The Court of Appeal recently considered a father’s application for an appeal against a final order made by Ms Justice Russell on 19 May 2016. The father’s initial application at first instance was for the return of his two children to the United States of America (USA).
The case concerned two children aged 5 and 4, who resided in the USA. They travelled with their mother to England on 22 January 2016 for a holiday and were due to return to the USA on 19 February 2016. However, the children were not returned and remained in England. The father’s original application was under the 1980 Hague Convention for the summary return of the children to the USA. The children’s mother opposed the application, relying on the Article 13(b) defence of the Convention, setting out that there was a grave risk that the children’s return to the USA would expose them to physical or psychological harm or otherwise place them in an intolerable situation. The mother’s case was that she had been the victim of domestic abuse, perpetrated by the father and that the children were often present and witnessed the abuse. Prior to the final hearing, the Judge at first instance had directed that CAFCASS should prepare a report regarding the children’s wishes and their degree of maturity.
The father accepted that the marriage had at times been unhappy and that the police had on occasion been called to the family home. The Judge at first instance was required to assess the risk based on the mother’s allegations and consider whether the protective measures suggested by the father were adequate. The father had confirmed that he would not seek to prosecute the mother in the USA, that he would provide accommodation for the mother and the children in the USA and that he would comply with the equivalent of a Non Molestation Order.
The Judge considered the father’s Undertakings and found that the safeguards offered by the father were vague and not sufficient to meet the children’s needs. She subsequently refused to order the children’s return to the USA.
The father appealed the decision of the Judge on two grounds. The first was in respect of the Judge’s approach when considering and dismissing the safeguards offered by the father and the second was that the Judge failed to properly consider the mother’s case if she found the safeguards to be inadequate.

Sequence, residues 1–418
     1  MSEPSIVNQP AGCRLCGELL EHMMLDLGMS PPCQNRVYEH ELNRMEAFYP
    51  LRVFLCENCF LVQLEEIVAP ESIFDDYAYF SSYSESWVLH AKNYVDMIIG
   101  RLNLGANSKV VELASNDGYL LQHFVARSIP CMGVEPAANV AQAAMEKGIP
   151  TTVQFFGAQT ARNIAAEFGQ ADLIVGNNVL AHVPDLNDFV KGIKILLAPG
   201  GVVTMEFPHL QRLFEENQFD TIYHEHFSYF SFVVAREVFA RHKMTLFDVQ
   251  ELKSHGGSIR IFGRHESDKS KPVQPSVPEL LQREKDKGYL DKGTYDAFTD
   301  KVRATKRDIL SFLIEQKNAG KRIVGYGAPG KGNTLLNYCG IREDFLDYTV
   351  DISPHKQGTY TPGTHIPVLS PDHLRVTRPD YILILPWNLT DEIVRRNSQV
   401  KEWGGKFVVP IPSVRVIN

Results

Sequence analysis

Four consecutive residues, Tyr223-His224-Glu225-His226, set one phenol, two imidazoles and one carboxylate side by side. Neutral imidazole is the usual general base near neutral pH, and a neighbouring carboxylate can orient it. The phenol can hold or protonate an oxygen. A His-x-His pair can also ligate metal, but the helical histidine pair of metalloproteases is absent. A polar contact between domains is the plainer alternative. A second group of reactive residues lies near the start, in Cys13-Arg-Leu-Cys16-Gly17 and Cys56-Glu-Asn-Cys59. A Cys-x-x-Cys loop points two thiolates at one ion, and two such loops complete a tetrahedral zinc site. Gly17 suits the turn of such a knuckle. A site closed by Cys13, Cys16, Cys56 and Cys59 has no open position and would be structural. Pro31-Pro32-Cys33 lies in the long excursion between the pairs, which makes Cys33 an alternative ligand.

Lady Justice Macur, who gave the lead judgment in this case, set out that the Court should firstly consider whether there was a risk to the children, considering whether the relevant allegations of a parent are true. The Court should then consider the protective measures proposed by the opposing party and if they are found to be inadequate, the Court should attempt to make findings on the disputed issues. This is as per the approach set out in Re E (E (Children), Re  UKSC 27 (10 June 2011)).
It is also important to remember that the proceedings only concern the return of the children to the USA, the country of their habitual residence. The Court in this jurisdiction should not at this stage of proceedings resolve disputes regarding the risk and extent of harm, that would be an issue for the Jurisdiction that the children are returned to, if that is the outcome.
The Court found that in this instance, the Judge placed too much reliance on the CAFCASS report when assessing the adequacy of the father’s proposed protective measures. As an aside, there was mention made as to whether the report was necessary, presumably given the children’s young ages. It was found that the Judge did not hear evidence from the parties regarding the disputed facts and therefore this lead to a sympathetic approach to the mother’s position.
This was following the CAFCASS officer reporting that the children would require stable accommodation, no unsupervised contact with their father and financial support for the mother. The Judge was correct to interrogate the father’s proposals. However, she was incorrect to doubt the efficacy of the Courts in the USA or the police in enforcing the protective measures. It was held by the Court of Appeal that the Judge should have made an order for return pending the father obtaining proof that the mother and children would be sufficiently accommodated, as well as injunctive orders being obtained in advance.
The father’s appeal was allowed and it was directed that the parties should draw up a detailed Consent Order, setting out the specifics of the return.
The link to the Court of Appeal Judgment can be found here.
At TV Edwards LLP we regularly act for both Applicant and Respondent’s in Hague Convention proceedings, we have specialist solicitors whose expertise in this area has been recognised by their obtaining accreditations and panel memberships. We understand that situations concerning child abduction can be stressful and upsetting and that those affected need quick and effective advice and action taking. If you need legal advice relating to child abduction proceedings then please contact our specialist International children law team on 0203 440 8000 or by email: A_FamilyReferrals@tvedwards.com.